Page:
The Yalu River is cold.
I can imagine the rumbling
despite standing away
from a bush of rape flowers that shining
The head of it lies in those limpid valleys; the tail
of it goes to that vague ocean.
The wind of the Yalu River is cold,
the passengers of which are swarms
of insects; I wonder if
the flagging-leave-like souls feed themselves
by taking human blood.
I just flick at it
when one lands on my limb,
letting water inrush occupy
its nasal cavity, the fallen leaves be retaken by roots,
and the wreckage perish in the mud.
The water of the Yalu River is cold,
for I see
the woman on the other side
scrubbing some tatters, her hands reddened;
2 or 3 juveniles wander
in the reeds, catching those insects
with sweep nets because in summer,
no other feedstuffs remain for chickens, yet the guards come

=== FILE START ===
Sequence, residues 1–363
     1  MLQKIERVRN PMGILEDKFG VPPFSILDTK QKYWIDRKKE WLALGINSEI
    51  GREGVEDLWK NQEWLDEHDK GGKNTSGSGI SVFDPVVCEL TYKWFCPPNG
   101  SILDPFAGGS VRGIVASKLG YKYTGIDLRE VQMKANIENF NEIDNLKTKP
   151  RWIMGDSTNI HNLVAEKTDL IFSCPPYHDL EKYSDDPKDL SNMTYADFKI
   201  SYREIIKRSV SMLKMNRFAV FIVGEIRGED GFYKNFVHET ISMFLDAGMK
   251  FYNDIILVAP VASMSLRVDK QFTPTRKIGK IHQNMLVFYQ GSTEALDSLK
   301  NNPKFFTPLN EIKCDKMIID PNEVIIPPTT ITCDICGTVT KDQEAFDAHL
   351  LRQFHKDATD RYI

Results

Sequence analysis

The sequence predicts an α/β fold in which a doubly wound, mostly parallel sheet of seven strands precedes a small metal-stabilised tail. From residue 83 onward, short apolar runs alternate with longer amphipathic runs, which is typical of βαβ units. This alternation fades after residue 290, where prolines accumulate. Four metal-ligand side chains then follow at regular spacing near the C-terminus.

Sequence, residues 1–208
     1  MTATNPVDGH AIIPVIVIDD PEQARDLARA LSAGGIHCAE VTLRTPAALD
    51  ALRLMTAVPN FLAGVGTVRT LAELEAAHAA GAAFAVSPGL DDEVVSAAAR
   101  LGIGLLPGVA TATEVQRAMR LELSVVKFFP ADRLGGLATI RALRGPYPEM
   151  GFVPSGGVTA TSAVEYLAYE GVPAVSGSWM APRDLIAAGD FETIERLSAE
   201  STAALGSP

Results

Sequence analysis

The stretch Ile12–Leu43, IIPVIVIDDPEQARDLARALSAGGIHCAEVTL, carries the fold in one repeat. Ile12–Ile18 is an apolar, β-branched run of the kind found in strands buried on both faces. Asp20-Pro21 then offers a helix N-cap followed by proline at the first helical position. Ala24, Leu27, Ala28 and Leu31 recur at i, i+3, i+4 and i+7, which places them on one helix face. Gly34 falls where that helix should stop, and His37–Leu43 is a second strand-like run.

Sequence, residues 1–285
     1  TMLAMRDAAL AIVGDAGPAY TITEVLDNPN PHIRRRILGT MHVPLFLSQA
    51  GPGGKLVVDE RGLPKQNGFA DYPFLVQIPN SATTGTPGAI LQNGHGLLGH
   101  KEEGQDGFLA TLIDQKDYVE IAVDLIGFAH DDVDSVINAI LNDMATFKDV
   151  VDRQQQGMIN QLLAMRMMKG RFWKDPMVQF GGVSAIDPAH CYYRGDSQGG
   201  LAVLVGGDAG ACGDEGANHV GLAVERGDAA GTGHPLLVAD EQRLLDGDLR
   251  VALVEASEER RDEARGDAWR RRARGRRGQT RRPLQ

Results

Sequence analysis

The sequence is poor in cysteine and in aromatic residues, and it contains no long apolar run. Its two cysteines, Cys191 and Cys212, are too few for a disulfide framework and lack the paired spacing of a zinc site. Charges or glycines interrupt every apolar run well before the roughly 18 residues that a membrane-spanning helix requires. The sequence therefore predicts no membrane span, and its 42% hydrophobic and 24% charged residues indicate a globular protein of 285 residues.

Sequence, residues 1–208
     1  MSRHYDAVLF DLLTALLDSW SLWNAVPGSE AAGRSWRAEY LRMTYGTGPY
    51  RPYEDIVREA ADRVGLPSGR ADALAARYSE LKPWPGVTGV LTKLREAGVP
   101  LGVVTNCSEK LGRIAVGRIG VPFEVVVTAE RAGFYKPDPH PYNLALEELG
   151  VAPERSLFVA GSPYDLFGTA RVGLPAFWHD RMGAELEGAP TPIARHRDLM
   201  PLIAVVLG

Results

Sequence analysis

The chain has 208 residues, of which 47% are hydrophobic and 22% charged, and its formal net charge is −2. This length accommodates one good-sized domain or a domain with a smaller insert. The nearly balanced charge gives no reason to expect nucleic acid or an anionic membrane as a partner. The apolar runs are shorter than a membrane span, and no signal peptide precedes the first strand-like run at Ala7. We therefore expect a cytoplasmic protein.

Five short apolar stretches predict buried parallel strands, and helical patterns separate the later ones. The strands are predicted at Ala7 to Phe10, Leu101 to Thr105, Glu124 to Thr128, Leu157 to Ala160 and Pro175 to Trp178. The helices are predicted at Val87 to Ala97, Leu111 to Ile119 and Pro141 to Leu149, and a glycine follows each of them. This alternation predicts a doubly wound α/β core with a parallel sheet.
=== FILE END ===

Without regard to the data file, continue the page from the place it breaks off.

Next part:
with spontoons soon after;
A caesious Jiefang truck brakes
in front of a gray school—CHI,
while the kids on it
cheer together—the Praise to the sun;
A sallow thin girl washing her hair
kneeling by a broken basin, she looks up;
I feel that the glance even
though six hundred meters away.
The bridge above the Yalu River is cold.
At the dawn of Harvest moon
many decades ago 260 thousand Chinese youths
encouraged by a bugle call
for defeating liberty.
After hearing this story
the waterweed must whisper me
that he once saw some skeletons and corpses
drifting down the river water
till the ocean, the dead ocean
that I would pass
each time I go back home.
Freedom is cold.
Riverside residents rumor that
at midnight overwhelms the surging river.
Those are the sentry
towers every 500 steps—bunkers, searchlight,
holes in the barbed wire,
Berlin wall in soft bricks.
Tongue-in-cheek ones are not always lucky:
they did conquer the freedom
but plan to swim heading the wrong direction.
I raise my palm
to shade the sharp sunlight. After all,
Helios never worries a bug that bites his shoulder.
A boy no more than 10
pop his head out from the shadow of a dour rock,
the blind zone of towers,
“Give me bread.”
His expression spills limpidity as if an emerald pearl
flicks in the mist,
my visceral sentences could hardly
*The Yalu River is on the border between North Korea and China